Sunday, October 20, 2019

What is meant by Small or Narrow?

Recently a theorist named Rian Nelson on the blog BOFM.BLOG: Annotated Book of Mormon, posted the comment on the annotated or explanation blog that read: “It may be surprising to realize that the term narrow neck of land is used only once in the entire Book of Mormon. The passage is in Ether 10:20: “And they built a great city by the narrow neck of land, by the place where the sea divides the land. That’s it. A single passage.”
    The first question to ask is: “Is that true?”
    For that exact language, it is used only once, and by Moroni in his translation and abridgement of the Jaredite record. On the other hand, Mormon uses that same language “narrow neck which led into the Land Northward” (Alma 63:5), that has the same meaning, and describes the same area of land. In the first instance “there being a small neck of land between the land northward and the land southward” and “narrow neck which led into the land northward,” and Moroni’s comment ”the narrow neck of land, by the place where the sea divides the land,” all refer to land “leading into the Land Northward” or Southward.
    Thus the meaning of the term is used more than once, as Mormon claims the Land Northward (Jaredite lands) were connected to the Land Southward (Nephite, Lamanite and Mulekite lands) by a “small neck of land” (Alma 22:32) when he wrote his insert describing this neck of land.
It should be kept in mind that the term “small” and “narrow” are adjectives, where “neck of land” is a “noun” and means a “piece of land projecting into water from a larger land mass.” It is also described as a “narrowing” piece of land, and “isthmus.” Thus, the adjective used to describe the “neck of land,” can vary from one synonym to another, such as “small” or “Large,” “wide” or “narrow.” In this case, Mormon tells us the neck of land is “small” and later “narrow,” and Moroni uses the adjective “narrow.”
    It should also be kept in mind that the word “neck” is a constriction, a pinch point, a place where something becomes narrower, tightening.” As an example, vertebrates have necks. Bottles, flasks and jars have necks. To some degree, the words "neck" and "narrow" are redundant because most necks are longer than they are wide. Necks are usually associated with peninsulas that protrude like a head from a body.
    Isthmuses that connect two larger bodies are also called necks. The complex topography of the Crimean Peninsula, for instance, has several features that are called necks and/or isthmuses almost interchangeably (Alexander William Kinglake, The Invasion of Crimea, 1875. The narrowest part of a mountain pass can be called a neck. "Monsieur Medavi...was to advance towards the Neck of the Mountains at Ceurs." The London Gazette No. 4359/2, 1709).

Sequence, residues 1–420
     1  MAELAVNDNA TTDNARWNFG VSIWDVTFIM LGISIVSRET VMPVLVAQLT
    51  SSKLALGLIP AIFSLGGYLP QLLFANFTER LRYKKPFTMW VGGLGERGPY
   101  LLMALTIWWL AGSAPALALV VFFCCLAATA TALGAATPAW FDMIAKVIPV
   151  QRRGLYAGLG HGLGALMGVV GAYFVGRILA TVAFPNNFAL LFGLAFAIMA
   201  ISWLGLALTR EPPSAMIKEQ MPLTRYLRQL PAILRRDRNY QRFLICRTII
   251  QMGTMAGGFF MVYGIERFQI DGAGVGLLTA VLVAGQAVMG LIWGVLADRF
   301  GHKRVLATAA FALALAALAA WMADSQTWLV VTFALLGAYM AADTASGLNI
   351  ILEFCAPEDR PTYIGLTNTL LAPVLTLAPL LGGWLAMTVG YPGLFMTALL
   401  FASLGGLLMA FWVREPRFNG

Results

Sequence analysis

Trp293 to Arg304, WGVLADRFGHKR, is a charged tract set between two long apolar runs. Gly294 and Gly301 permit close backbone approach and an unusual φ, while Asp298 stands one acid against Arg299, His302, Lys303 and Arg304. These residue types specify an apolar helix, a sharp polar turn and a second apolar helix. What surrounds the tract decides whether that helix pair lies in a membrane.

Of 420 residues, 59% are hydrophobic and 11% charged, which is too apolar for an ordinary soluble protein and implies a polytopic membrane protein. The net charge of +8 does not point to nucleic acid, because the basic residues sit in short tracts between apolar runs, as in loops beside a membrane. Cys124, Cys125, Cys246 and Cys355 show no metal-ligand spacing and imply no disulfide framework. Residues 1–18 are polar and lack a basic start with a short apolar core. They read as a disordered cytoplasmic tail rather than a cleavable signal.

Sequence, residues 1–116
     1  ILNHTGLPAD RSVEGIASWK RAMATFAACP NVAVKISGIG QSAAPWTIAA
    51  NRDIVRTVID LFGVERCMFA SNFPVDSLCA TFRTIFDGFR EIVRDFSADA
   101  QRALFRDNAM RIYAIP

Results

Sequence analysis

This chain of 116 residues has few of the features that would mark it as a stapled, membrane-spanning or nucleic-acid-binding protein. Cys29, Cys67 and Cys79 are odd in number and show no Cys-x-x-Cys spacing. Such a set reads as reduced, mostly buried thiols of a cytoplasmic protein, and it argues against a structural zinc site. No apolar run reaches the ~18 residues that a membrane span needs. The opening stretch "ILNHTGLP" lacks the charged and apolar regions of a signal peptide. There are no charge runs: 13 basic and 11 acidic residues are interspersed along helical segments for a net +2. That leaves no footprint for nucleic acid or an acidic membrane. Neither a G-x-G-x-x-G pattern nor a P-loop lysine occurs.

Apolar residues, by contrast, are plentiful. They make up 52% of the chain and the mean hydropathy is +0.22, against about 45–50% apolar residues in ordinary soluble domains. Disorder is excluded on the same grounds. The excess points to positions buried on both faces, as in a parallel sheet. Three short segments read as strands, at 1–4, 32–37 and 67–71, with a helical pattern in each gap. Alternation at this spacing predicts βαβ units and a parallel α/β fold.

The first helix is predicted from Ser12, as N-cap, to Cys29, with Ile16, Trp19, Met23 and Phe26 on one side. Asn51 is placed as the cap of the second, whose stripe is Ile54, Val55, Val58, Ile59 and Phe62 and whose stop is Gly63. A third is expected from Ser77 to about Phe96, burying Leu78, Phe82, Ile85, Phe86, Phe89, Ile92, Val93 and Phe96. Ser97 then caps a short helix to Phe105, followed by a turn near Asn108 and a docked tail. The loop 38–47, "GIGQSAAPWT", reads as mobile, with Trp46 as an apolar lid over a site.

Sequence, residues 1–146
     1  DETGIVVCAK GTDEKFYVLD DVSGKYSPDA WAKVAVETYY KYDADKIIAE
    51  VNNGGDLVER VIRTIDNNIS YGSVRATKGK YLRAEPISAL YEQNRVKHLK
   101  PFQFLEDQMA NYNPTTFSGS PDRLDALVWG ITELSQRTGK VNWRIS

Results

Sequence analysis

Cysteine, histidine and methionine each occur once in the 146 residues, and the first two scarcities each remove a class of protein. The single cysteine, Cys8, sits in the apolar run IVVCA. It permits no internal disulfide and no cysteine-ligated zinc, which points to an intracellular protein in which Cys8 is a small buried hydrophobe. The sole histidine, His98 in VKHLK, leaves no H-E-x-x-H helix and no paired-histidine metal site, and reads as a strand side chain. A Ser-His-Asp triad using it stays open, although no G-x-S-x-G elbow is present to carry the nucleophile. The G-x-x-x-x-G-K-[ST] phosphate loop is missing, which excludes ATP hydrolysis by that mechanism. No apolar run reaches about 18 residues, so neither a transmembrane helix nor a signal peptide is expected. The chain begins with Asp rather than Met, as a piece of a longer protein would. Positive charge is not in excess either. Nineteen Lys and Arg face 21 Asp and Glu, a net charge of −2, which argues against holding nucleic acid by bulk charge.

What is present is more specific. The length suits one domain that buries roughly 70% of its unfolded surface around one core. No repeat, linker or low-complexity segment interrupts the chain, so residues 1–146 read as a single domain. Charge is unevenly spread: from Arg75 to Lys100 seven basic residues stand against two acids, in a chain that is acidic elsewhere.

Finally, “A long narrow tract of land projecting from the main body, or a narrow tract connecting two larger tracts; as the neck of land between Boston and Roxbury” (Noah Webster, “Neck,” American Dictionary of the English Language, 1828 issue).
    In 1829 when Joseph Smith was translating the plates, the term “small neck of land” as used by Mormon would be the same as saying “narrow neck of land,” used by Moroni, since a neck of land is a “long narrow tract of land projecting from the main body, or a narrow tract connecting two larger tracts,” as in Mormon’s description: “there being a small neck of land“ (Alma 22:32). Thus, Mormon described “a small or narrow neck of land between two larger land masses, the Land Northward and the Land Southward.”
    Unfortunately for theorists who try to adjust language to support their completely biased viewpoint, words have meaning. When Mormon and Moroni wrote the words they did, those words had specific meaning—and when Joseph Smith, under the guidance of the Holy Spirit, translated those words, he gave us definitions that were common of those words in his day, and verified by the Spirit. We know this, because the Noah Webster’s 1828 American Dictionary of the English Language not only used the language of New England as its base, but that Joseph Smith knew of this dictionary, used it and listed it as the dictionary used for the School of the Prophets.
The theorist’s map of a Heartland/Great Lakes location for the Book of Mormon. White circle: the “Narrow Neck of Land.” Purple Circle: the location of the Land Northward

Note the location of the narrow neck of land is between two watersheds, and watersheds are lands that divided rivers, therefore, while a map can be divided to appear that a narrow space (for a narrow neck of land) exists, it is not necessarily the case like here. The point is, there is no narrow neck of land at this point as shown on the map. However, there is an isthmus here between the Niagara River and Hamilton.